However, just last month, a study revealed that Bt toxin was detected in:

93 percent of maternal blood samples
80 percent of fetal blood samples
69 percent of non-pregnant women blood samples
Turns out you cannot replace actual safety studies with lip service after all. Another recent review of 19 animal studies on genetically modified organisms (GMO) revealed that nearly 10 percent of blood, urine, organ and other parameters tested were significantly influenced by GMOs, with the liver and kidneys faring the worst. Additionally, Jeffrey Smith, executive director of the Institute for Responsible Technology and author of two books on the topic, has previously documented more than 65 serious health risks from GM products of all kinds.

Among them:

Offspring of rats fed GM soy showed a five-fold increase in mortality, lower birth weights, and the inability to reproduce
Male mice fed GM soy had damaged young sperm cells
The embryo offspring of GM soy-fed mice had altered DNA functioning
Several US farmers reported sterility or fertility problems among pigs and cows fed on GM corn varieties
-http://articles.mercola.com/sites/articles/archive/2011/06/14/why-are-there-so-many-food-allergies-now.aspx

2008--J Agric Food Chem. 2008 Dec 10;56(23):11533-9.
Intestinal and peripheral immune response to MON810 maize ingestion in weaning and old mice.
Finamore A, Roselli M, Britti S, Monastra G, Ambra R, Turrini A, Mengheri E.
Source
Istituto Nazionale di Ricerca per gli Alimenti e la Nutrizione, Roma, Italy.
Abstract
This study evaluated the gut and peripheral immune response to genetically modified (GM) maize in mice in vulnerable conditions. Weaning and old mice were fed a diet containing MON810 or its parental control maize or a pellet diet containing a GM-free maize for 30 and 90 days. The immunophenotype of intestinal intraepithelial, spleen, and blood lymphocytes of control maize fed mice was similar to that of pellet fed mice. As compared to control maize, MON810 maize induced alterations in the percentage of T and B cells and of CD4(+), CD8(+), gammadeltaT, and alphabetaT subpopulations of weaning and old mice fed for 30 or 90 days, respectively, at the gut and peripheral sites. An increase of serum IL-6, IL-13, IL-12p70, and MIP-1beta after MON810 feeding was also found. These results suggest the importance of the gut and peripheral immune response to GM crop ingestion as well as the age of the consumer in the GMO safety evaluation.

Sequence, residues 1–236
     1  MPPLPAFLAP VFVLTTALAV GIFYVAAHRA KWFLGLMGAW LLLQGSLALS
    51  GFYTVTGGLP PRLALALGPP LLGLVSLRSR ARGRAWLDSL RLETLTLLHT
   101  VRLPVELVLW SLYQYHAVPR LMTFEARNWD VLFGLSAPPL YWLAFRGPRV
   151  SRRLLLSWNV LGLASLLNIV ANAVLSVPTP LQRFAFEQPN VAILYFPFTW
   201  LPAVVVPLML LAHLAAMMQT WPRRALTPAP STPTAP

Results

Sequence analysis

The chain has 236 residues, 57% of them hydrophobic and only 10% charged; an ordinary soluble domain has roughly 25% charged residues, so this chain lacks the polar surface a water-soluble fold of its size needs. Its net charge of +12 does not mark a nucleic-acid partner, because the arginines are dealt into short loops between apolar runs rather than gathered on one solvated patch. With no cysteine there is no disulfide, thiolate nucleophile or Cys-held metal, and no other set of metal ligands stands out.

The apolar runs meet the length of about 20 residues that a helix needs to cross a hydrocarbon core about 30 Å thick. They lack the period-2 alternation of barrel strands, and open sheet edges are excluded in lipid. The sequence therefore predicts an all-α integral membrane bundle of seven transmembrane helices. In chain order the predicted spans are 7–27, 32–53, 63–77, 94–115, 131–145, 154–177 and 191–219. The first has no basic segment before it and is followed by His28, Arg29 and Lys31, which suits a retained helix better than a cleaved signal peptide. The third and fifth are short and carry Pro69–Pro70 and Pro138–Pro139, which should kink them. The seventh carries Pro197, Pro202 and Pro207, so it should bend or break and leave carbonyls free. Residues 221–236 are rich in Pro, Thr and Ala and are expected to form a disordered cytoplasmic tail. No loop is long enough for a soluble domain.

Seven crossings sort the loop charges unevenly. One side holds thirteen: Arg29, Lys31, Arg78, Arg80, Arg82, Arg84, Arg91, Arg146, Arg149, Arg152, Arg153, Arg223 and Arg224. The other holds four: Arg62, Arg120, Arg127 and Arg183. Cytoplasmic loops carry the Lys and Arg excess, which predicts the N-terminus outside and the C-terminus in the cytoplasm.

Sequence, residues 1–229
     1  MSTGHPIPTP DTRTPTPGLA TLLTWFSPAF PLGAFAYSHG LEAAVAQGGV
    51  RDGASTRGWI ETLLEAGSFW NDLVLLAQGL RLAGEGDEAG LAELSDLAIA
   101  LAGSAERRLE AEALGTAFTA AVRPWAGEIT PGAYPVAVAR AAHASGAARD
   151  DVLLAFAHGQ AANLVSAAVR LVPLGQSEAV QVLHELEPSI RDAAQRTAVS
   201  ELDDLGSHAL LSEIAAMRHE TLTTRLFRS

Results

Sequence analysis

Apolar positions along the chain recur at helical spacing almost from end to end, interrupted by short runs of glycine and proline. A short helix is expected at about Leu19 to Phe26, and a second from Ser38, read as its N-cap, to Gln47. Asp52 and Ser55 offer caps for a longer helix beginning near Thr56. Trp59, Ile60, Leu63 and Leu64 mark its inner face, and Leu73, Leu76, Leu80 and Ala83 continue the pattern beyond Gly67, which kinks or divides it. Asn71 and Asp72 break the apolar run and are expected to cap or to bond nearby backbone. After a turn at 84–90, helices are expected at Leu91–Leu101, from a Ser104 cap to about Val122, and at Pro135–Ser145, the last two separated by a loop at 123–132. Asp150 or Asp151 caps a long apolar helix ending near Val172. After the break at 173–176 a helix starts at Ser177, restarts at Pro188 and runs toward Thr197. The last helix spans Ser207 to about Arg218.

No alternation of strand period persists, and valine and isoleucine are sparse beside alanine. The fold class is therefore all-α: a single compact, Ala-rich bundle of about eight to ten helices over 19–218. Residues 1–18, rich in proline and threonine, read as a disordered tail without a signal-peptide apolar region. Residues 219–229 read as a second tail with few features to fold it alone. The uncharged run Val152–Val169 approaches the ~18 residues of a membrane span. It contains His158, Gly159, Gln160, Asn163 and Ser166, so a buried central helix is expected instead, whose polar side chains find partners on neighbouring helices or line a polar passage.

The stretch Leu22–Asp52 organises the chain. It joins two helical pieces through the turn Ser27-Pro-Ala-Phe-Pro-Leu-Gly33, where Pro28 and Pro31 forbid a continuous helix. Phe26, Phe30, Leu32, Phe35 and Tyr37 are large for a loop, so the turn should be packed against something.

-http://www.ncbi.nlm.nih.gov/pubmed/19007233

2007--Arch Environ Contam Toxicol. 2007 May;52(4):596-602. Epub 2007 Mar 13.
New analysis of a rat feeding study with a genetically modified maize reveals signs of hepatorenal toxicity.
Séralini GE, Cellier D, de Vendomois JS.
Source
Committee for Independent Information and Research on Genetic Engineering CRIIGEN, Paris, France. criigen@unicaen.fr
Abstract
Health risk assessment of genetically modified organisms (GMOs) cultivated for food or feed is under debate throughout the world, and very little data have been published on mid- or long-term toxicological studies with mammals. One of these studies performed under the responsibility of Monsanto Company with a transgenic corn MON863 has been subjected to questions from regulatory reviewers in Europe, where it was finally approved in 2005. This necessitated a new assessment of kidney pathological findings, and the results remained controversial. An Appeal Court action in Germany (Münster) allowed public access in June 2005 to all the crude data from this 90-day rat-feeding study. We independently re-analyzed these data. Appropriate statistics were added, such as a multivariate analysis of the growth curves, and for biochemical parameters comparisons between GMO-treated rats and the controls fed with an equivalent normal diet, and separately with six reference diets with different compositions. We observed that after the consumption of MON863, rats showed slight but dose-related significant variations in growth for both sexes, resulting in 3.3% decrease in weight for males and 3.7% increase for females. Chemistry measurements reveal signs of hepatorenal toxicity, marked also by differential sensitivities in males and females. Triglycerides increased by 24-40% in females (either at week 14, dose 11% or at week 5, dose 33%, respectively); urine phosphorus and sodium excretions diminished in males by 31-35% (week 14, dose 33%) for the most important results significantly linked to the treatment in comparison to seven diets tested. Longer experiments are essential in order to indicate the real nature and extent of the possible pathology; with the present data it cannot be concluded that GM corn MON863 is a safe product.